The doctrine of obviousness-type double patenting is intended to “prevent the extension of the term of a patent… by prohibiting the issuance of the claims in a second patent not patentably distinct from the claims of the first patent.” In re Longi, 759 F.2d 887, 892 (Fed. Cir. 1985). “A later patent claim is not patentably distinct from an earlier claim if the later claim is obvious over, or anticipated by, the earlier claim.” Eli Lilly & Co. v. Barr Labs., Inc., 251 F.3d 955, 968 (Fed. Cir. 2001). As with statutory obviousness under 35 U.S.C. § 103, obviousness-type double patenting is an issue of law premised on underlying factual inquiries. Otsuka Pharm. Co. v. Sandoz, Inc., 678 F.3d 1280, 1290 (Fed. Cir. 2012).

The primary argument that the claims of the ‘932 patent were invalid for obviousness-type double patenting insofar as the ‘608 compound was concerned was whether the District Court applied the appropriate legal standard for making the determination. Relying on Amgen Inc. v. Hoffmann-La Roche Ltd., 580 F.3d 1340 (Fed. Cir. 2009), Teva/Barr/APP contended that the correct analysis involves only the differences between the claims at issue, so that any features held in common between the claims—in this case, all but the aryl regions of the ’608 Compound and pemetrexed—would be excluded from consideration.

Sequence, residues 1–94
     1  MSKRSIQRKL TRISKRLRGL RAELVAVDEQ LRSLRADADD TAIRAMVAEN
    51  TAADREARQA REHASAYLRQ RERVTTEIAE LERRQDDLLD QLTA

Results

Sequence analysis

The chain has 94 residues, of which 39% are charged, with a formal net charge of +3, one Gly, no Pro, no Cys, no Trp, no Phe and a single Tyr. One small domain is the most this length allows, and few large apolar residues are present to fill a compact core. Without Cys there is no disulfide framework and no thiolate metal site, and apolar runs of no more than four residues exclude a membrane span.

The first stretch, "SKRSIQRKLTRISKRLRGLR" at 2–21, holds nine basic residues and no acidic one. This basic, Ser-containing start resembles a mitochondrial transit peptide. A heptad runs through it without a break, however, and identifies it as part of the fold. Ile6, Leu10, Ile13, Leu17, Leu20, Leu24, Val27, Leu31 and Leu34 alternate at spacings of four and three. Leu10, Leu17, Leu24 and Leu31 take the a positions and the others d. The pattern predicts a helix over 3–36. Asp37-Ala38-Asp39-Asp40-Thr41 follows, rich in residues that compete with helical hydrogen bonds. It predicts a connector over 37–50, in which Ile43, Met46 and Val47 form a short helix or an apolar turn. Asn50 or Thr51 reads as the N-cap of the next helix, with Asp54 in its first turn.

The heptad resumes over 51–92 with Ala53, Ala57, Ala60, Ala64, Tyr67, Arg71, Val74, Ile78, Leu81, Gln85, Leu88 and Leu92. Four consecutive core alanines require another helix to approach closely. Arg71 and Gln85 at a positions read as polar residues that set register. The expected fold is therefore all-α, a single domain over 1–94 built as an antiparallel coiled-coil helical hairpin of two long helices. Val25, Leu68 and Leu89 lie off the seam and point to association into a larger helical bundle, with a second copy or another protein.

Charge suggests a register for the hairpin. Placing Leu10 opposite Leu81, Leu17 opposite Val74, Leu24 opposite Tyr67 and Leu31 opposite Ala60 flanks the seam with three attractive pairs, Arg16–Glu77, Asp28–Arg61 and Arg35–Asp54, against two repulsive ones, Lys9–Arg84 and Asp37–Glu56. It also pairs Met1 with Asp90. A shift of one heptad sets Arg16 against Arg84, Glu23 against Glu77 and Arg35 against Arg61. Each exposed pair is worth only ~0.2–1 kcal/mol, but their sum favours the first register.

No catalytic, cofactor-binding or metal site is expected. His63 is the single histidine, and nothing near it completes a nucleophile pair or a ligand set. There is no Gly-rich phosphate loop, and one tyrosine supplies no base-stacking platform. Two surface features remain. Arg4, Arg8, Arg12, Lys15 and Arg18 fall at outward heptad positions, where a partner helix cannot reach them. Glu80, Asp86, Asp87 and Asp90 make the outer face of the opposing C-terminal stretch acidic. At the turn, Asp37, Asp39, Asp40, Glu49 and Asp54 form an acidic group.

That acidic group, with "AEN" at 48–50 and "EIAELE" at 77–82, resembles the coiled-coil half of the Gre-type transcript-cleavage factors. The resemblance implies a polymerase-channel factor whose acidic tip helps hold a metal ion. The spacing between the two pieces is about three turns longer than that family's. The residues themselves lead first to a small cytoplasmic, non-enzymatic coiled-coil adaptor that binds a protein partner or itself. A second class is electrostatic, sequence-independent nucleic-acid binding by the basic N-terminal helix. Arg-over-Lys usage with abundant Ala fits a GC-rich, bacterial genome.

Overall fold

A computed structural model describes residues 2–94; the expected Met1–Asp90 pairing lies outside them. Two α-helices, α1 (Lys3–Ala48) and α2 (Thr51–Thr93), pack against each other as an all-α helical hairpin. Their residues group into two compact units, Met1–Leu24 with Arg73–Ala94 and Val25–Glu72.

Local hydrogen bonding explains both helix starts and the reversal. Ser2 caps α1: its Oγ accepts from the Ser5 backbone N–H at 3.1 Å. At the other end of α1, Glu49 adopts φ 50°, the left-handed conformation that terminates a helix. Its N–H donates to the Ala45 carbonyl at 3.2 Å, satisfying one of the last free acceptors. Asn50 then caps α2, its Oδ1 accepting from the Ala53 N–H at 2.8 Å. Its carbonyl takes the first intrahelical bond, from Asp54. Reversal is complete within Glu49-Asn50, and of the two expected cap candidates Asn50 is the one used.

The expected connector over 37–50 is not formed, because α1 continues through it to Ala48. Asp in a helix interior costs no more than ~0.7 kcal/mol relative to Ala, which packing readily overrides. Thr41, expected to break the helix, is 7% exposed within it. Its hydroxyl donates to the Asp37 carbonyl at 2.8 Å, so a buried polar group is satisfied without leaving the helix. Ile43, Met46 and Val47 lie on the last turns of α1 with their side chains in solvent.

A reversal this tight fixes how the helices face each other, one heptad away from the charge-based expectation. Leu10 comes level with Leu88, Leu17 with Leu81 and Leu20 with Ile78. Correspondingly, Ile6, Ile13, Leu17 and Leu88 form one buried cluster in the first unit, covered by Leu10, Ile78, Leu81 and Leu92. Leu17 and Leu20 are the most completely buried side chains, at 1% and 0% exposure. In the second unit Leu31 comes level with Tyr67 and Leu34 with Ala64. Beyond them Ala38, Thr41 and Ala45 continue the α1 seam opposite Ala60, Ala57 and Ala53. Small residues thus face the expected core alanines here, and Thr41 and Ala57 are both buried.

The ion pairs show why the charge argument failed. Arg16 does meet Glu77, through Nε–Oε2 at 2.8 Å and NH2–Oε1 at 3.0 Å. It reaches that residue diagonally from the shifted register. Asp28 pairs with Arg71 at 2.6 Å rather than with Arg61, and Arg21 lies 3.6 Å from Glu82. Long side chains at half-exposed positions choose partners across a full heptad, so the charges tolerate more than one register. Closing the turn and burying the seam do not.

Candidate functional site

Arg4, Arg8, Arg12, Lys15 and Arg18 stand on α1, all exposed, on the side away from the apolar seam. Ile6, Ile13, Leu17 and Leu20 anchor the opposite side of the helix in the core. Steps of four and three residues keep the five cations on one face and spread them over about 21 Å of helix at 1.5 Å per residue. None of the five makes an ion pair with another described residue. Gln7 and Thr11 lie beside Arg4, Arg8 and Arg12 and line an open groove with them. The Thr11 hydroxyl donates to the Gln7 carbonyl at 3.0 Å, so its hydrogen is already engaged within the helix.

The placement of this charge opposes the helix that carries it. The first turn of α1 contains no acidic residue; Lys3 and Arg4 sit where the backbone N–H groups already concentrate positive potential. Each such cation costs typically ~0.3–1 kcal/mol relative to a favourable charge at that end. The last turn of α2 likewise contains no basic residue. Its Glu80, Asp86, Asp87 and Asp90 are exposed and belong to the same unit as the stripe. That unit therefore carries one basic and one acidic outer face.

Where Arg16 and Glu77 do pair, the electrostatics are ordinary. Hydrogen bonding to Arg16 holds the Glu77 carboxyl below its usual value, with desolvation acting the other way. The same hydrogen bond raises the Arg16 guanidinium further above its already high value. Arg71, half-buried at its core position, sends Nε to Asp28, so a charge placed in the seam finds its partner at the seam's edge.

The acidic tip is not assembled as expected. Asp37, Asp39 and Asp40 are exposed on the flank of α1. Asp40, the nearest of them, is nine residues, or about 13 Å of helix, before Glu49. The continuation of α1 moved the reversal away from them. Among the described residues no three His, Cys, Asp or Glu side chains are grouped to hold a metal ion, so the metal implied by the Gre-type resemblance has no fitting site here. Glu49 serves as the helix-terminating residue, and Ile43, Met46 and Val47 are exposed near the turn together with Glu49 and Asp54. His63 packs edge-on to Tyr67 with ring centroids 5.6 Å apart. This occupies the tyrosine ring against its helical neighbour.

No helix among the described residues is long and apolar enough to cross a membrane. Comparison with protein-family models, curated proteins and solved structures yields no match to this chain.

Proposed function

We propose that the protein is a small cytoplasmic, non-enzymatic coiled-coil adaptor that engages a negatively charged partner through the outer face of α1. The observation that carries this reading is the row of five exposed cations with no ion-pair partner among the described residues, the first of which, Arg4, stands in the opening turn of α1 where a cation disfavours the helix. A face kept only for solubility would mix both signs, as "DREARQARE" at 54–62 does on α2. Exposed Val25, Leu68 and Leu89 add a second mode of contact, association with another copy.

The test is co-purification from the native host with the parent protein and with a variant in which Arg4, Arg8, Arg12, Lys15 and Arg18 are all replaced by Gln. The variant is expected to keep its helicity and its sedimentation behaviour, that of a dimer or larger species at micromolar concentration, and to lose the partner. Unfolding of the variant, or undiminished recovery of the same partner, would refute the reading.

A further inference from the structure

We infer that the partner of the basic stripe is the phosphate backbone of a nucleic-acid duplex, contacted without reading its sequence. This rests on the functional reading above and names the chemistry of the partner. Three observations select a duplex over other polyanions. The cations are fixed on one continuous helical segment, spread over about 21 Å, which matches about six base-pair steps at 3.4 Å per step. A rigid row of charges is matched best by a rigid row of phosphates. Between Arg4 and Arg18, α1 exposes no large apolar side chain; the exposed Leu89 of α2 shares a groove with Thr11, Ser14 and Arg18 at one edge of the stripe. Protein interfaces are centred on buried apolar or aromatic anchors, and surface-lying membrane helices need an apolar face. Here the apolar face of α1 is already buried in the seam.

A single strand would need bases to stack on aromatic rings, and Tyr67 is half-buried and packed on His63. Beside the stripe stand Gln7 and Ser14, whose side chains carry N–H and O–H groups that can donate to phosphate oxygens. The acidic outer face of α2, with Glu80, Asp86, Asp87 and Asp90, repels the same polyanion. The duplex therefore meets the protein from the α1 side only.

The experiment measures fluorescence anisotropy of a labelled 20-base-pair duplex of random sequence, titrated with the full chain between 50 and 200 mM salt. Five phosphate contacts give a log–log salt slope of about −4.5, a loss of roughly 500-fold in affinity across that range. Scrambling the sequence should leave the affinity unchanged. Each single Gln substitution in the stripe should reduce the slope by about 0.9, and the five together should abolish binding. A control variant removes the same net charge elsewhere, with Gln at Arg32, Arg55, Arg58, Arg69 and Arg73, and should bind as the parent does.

On this, the Federal Circuit explained that there was no discernible error and complemented the District Court for its thorough analysis. Judge Lourie went on to write: